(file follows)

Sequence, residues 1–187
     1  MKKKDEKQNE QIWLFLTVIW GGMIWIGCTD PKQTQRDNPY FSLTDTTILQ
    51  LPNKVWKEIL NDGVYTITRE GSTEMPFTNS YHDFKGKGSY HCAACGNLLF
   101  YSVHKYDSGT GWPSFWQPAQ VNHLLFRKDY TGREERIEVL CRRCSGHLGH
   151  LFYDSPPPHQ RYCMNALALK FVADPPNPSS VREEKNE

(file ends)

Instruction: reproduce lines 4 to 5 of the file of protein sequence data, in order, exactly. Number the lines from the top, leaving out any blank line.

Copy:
   101  YSVHKYDSGT GWPSFWQPAQ VNHLLFRKDY TGREERIEVL CRRCSGHLGH
   151  LFYDSPPPHQ RYCMNALALK FVADPPNPSS VREEKNE